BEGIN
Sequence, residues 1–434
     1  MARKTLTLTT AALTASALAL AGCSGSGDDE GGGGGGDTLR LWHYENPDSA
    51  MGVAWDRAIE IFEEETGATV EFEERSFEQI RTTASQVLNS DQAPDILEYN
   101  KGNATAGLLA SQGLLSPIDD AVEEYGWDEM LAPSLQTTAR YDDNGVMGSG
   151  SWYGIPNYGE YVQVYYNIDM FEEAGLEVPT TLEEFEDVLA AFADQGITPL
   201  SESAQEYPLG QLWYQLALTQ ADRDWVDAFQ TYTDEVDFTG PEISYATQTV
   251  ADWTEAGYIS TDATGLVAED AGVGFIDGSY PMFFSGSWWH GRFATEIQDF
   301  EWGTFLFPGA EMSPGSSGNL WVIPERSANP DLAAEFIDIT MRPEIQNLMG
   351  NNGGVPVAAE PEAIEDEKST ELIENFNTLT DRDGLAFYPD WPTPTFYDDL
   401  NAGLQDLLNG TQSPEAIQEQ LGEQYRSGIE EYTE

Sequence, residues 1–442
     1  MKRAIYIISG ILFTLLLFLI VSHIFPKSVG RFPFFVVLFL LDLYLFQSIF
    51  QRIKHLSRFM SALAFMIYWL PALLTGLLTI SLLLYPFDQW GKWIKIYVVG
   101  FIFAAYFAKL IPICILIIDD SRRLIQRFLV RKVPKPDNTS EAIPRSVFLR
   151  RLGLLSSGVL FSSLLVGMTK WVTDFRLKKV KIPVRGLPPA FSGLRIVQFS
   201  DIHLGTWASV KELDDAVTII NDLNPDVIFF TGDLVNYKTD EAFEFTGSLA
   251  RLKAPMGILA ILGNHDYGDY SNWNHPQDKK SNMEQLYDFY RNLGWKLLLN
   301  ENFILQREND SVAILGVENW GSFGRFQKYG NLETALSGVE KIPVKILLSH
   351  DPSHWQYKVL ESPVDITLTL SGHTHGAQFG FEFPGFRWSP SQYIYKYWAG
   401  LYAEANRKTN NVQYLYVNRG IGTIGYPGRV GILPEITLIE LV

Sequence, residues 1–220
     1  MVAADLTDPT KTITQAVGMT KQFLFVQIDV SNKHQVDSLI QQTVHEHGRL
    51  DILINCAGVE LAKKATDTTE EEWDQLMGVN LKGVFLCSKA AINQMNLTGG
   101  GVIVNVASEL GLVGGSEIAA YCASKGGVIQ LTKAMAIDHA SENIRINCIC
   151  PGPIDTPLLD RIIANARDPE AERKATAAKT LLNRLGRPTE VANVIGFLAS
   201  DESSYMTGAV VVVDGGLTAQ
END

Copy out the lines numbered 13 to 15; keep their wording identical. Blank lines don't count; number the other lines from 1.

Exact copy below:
    51  QRIKHLSRFM SALAFMIYWL PALLTGLLTI SLLLYPFDQW GKWIKIYVVG
   101  FIFAAYFAKL IPICILIIDD SRRLIQRFLV RKVPKPDNTS EAIPRSVFLR
   151  RLGLLSSGVL FSSLLVGMTK WVTDFRLKKV KIPVRGLPPA FSGLRIVQFS